Not just a scandalous diary, but a portrait of the plight of women in the early Victorian era.
The excerpts from Isabella Robinson’s diary show a woman in a loveless, miserable marriage. Her desperate longings for love, or at least someone to talk to, fed her imagination and fired her writings with delusional tales of amour. Women living in the mid 19th century had no legal existence, so she couldn’t file a lawsuit, control her own money or even claim her own clothes and jewelry. Summerscale (The Suspicions of Mr. Whicher: A Shocking Murder and the Undoing of a Great Victorian Detective, 2008, etc.) may have set out to write about one woman’s fall from grace, but she also exposes the horrendous misery of even gently born women during the reign of Queen Victoria. It was during that period that the government at last allowed both men and women to sue for divorce without parliamentary approval. A man seeking to put away his wife could do so by implication only, but women needed to prove at least two incidents of adultery. Apparently, in Mrs. Robinson’s case, the fact that her husband had a mistress who bore him two children was not sufficient. At this time the use of insanity as a plea came into more common use, and Mrs. Robinson’s friends strongly suggested that she claim she was insane at the time she wrote things like “the happiness of loving” and “long, passionate, clinging embrace.”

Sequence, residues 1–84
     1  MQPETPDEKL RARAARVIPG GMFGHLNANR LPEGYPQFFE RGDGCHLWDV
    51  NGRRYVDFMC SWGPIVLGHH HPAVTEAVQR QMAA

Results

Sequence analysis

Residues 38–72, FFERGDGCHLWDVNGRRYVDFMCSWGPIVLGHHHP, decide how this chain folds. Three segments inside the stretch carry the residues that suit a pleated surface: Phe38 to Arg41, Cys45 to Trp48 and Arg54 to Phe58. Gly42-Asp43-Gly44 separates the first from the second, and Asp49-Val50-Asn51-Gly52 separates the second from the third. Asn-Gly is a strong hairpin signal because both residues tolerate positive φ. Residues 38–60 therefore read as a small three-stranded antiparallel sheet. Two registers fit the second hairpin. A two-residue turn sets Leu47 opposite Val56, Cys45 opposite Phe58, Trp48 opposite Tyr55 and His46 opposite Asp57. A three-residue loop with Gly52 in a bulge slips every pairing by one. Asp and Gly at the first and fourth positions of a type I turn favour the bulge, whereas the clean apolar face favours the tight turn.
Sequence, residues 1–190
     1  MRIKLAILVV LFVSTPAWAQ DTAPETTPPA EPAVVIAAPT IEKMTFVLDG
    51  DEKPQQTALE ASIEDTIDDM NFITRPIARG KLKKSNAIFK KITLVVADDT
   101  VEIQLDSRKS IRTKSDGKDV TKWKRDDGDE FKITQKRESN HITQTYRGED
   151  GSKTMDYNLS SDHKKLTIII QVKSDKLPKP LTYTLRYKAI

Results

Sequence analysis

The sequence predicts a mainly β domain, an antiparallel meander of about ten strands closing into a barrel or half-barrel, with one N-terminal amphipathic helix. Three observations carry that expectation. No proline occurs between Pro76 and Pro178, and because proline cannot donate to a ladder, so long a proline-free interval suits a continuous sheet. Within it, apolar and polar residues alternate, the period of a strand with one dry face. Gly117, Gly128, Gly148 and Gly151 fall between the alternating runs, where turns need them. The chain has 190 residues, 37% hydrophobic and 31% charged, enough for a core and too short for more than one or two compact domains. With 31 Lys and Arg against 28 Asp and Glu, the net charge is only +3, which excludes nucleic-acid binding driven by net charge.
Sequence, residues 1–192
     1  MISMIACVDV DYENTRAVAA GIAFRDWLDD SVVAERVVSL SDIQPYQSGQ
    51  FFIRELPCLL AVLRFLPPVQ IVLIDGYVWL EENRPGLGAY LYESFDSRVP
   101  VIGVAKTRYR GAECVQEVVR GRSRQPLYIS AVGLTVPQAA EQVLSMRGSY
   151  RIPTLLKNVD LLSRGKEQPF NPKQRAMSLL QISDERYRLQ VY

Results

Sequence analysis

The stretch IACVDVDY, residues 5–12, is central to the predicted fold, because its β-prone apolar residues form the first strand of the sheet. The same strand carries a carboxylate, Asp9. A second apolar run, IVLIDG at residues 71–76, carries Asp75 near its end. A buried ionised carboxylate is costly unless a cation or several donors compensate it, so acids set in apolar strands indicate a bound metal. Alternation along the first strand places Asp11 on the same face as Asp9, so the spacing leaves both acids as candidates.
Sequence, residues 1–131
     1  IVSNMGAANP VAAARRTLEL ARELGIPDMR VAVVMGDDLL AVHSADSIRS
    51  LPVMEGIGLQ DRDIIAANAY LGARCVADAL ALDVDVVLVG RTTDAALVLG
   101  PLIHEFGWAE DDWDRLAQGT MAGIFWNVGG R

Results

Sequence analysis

A revealing portrait of the straight-laced Victorians who produced innumerable sex scandals, delved into new and sometimes bizarre health fads and generally dismissed anyone considered beneath them, like colonials and women.